Once again Bottecchia

The early Tour in the mountains
The hazards of an early Tour de France: few specatators except wandering cows! Note the atrocious road surface.

As in 1924 Ottavio Bottecchia emerged winner of the Tour, though the crushing domination was not there. By now, Bottecchia was 31 (he had come to cycling late after serving as a soldier in the Great War and then earning a living as a bricklayer - hence the nickname, "Le maçon de Frioul" - the Friuli bricklayer) and the pedals didn't turn with their former speed.

Just as in 1924, Bottecchia won the first stage, and then added two more on the way to the Pyrenees. But this time he had a new challenger, the Belgian Adelin Benoît, riding for Thomann-Dunlop. The lead swapped between the two riders all the way to Bayonne, but then Benoît took what appeared to be a commanding lead after taking over eleven minutes from Bottecchia on the first Pyreneen stage - formerly Bottecchia's great stamping ground. The reply from the Automoto team was swift. Though it was Nicolas Frantz (Alcyon) who won in Perpignan, Lucien Buysse and Bottecchia were close behind, whilst Benoit lost three quarters of an hour. Despite incurring a ten minute penalty in the Alps for failing to sign in at a control, Bottecchia was untroubled from then on, even more so when Frantz disappeared from contention on the stage to Evian. By Paris, where Bottecchia won his fourth stage to end with a flourish, he was a convincing winner, with Buysse protecting his rear

This was Bottecchia's final throw of the dice. In 1926 he retired from the Tour in the Pyrenees. In 1927 he was gearing up for another ride when he was found battered and bleeding by the side of a road near his home in Italy. Nearby, his bike lay unscratched against a tree. Some hours later he died. Many stories were put about for his death. For example, a farmer admitted he had seen Bottecchia stealing grapes, had thrown a stone at him and accidentally killed him. But who eats grapes in June, when they are not ripe? Others thought that he had crashed, hitting his head - but how to explain the undamaged bike? The most likely explanation is that he was murdered, probably by Fascists - Bottecchia did not hide his socialist leanings in Mussolini's Italy - though even this theory cannot be proved, for even if Bottecchia did not agree all the time with Mussolini, he was certainly a role model for the "New Italy". Whatever, Italy's first Tour de France winner was dead, and nearly three quarters of a century on, there seems little hope now of establishing the cause.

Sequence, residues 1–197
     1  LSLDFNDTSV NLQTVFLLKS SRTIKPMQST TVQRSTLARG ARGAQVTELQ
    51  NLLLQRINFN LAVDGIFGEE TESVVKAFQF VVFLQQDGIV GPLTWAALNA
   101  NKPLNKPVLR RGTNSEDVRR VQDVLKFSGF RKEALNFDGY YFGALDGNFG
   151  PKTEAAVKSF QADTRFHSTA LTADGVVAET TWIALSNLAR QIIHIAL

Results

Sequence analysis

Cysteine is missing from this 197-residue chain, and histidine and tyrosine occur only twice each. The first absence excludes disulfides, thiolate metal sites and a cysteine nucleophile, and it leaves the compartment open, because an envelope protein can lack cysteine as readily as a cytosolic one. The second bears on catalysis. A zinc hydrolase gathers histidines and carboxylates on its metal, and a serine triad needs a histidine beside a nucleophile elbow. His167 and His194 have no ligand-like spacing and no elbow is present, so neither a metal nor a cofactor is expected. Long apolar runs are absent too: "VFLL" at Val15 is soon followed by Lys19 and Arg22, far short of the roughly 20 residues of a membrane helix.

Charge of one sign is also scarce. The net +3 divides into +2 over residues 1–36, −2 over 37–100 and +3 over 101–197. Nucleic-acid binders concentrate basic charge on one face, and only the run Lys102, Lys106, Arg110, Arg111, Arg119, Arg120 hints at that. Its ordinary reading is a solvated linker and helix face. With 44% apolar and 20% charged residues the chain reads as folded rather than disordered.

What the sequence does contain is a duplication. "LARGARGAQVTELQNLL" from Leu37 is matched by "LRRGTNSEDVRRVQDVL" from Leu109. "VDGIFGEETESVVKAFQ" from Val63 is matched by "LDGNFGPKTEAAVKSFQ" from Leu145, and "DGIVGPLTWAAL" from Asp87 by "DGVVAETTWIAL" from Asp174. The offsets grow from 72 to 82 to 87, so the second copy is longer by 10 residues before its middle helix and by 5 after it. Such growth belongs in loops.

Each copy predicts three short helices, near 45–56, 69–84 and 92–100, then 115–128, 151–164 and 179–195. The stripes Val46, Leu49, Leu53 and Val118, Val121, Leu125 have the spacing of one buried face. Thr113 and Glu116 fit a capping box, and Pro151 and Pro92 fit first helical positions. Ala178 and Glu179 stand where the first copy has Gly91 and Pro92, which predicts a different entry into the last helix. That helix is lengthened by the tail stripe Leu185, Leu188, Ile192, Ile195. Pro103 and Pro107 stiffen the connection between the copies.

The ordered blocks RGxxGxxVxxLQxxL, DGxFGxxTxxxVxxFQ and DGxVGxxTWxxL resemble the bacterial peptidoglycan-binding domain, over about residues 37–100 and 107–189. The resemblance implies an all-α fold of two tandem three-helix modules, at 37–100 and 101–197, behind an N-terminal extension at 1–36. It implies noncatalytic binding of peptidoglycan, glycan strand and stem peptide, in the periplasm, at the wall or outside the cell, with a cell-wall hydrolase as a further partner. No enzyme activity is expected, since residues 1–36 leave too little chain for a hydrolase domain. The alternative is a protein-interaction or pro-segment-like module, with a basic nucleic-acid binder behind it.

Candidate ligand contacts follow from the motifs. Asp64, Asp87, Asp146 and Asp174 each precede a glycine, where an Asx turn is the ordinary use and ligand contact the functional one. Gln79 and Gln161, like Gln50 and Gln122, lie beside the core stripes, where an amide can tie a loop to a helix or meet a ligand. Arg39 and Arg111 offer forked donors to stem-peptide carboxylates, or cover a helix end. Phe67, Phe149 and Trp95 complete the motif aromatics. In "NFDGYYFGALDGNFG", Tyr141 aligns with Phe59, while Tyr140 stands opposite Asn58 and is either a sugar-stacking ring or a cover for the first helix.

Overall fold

Stage winners

 StageWinnerOverall Leader
Stage 1Paris - Le Havre, 381kmOttavio BottecchiaOttavio Bottecchia
Stage 2Le Havre - Cherbourg, 371kmRomain BellengerOttavio Bottecchia
Stage 3Cherbourg - Brest, 405kmLouis MottiatAdelin Benoît
Stage 4Brest - Vannes, 208kmNicolas FrantzAdelin Benoît
Stage 5Vannes - Les Sables d'Olonne, 204kmNicolas FrantzAdelin Benoît
Stage 6Les Sables d'Olonne - Bordeaux, 293kmOttavio BottecchiaAdelin Benoît
Stage 7Bordeaux - Bayonne, 189kmOttavio BottecchiaOttavio Bottecchia
Stage 8Bayonne - Luchon, 326kmAdelin BenoîtAdelin Benoît
Stage 9Luchon - Perpignan, 323kmNicolas FrantzOttavio Bottecchia
Stage 10Perpignan - Nîmes, 215kmThéophile BeeckmanOttavio Bottecchia
Stage 11Nîmes - Toulon, 215kmLucien BuysseOttavio Bottecchia
Stage 12Toulon - Nice, 280kmLucien BuysseOttavio Bottecchia
Stage 13Nice - Briançon, 275kmBartolomeo AymoOttavio Bottecchia
Stage 14Briançon - Evian, 303kmHector MartinOttavio Bottecchia
Stage 15Evian - Mulhouse, 373kmNicolas FrantzOttavio Bottecchia
Stage 16Mulhouse - Metz, 300kmHector MartinOttavio Bottecchia
Stage 17Metz - Dunquerque, 433kmHector MartinOttavio Bottecchia
Stage 18Dunquerque - Paris, 343kmOttavio BottecchiaOttavio Bottecchia

In a nutshell



1st: Ottavio Bottecchia, (Italy), Automoto-Hutchinson, 5430km in 219h 10' 18" (24.775km/h)
2nd: Lucien Buysse, (Belgium), Automoto-Hutchinson, @ 54' 20"
3rd: Bartolomeo Aymo, (Italy), Alcyon-Dunlop, @ 56' 17"
4th: Nicolas Frantz, (Luxembourg), Alcyon-Dunlop, @ 1h 11' 24"
5th: Albert Dejonghe, (Belgium), J.B.Louvet-Pouchois, @ 1h 27' 42"
6th: Théophile Beeckman, (Belgium), Thomann-Dunlop, @ 2h 24' 43"
7th: Omer Huyse, (Belgium), Armor-Dunlop, @ 2h 33' 38"
8th: August Verdyck, (Belgium), Christophe-Hutchinson, @ 2h 44' 36"
9th: Félix Sellier, (Belgium), Alcyon-Dunlop, @ 2h 45' 59"
10th: Federico Gay, (Italy), Meteore-Wolber, @ 4h 06' 03"

(49th: Fernand Besnier, (France), Touriste-Routier, @ 36h 10' 50")